Antioxidants block the process of oxidation by neutralizing free radicals. In doing so, the antioxidants themselves become oxidized. That is why there is a constant need to replenish our antioxidant resources.
How they work can be classified in one of two ways:
Chain-breaking - When a free radical releases or steals an electron, a second radical is formed. This molecule then turns around and does the same thing to a third molecule, continuing to generate more unstable products. The process continues until termination occurs -- either the radical is stabilized by a chain-breaking antioxidant such as beta-carotene and vitamins C and E, or it simply decays into a harmless product.
Preventive - Antioxidant enzymes like superoxide dismutase, catalase and glutathione peroxidase prevent oxidation by reducing the rate of chain initiation. That is, by scavenging initiating radicals, such antioxidants can thwart an oxidation chain from ever setting in motion. They can also prevent oxidation by stabilizing transition metal radicals such as copper and iron.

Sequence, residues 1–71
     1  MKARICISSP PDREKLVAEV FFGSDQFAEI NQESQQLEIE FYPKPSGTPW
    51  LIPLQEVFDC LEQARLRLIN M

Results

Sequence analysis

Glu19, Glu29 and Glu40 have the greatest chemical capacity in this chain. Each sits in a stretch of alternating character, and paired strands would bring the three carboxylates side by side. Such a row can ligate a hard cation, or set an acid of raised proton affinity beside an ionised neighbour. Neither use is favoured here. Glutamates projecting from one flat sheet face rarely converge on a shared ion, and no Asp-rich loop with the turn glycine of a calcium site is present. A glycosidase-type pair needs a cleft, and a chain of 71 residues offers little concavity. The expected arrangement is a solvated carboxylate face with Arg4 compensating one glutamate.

The effectiveness of any given antioxidant in the body depends on which free radical is involved, how and where it is generated, and where the target of damage is. Thus, while in one particular system an antioxidant may protect against free radicals, in other systems it could have no effect at all. Or, in certain circumstances, an antioxidant may even act as a "pro-oxidant" that generates toxic oxygen species.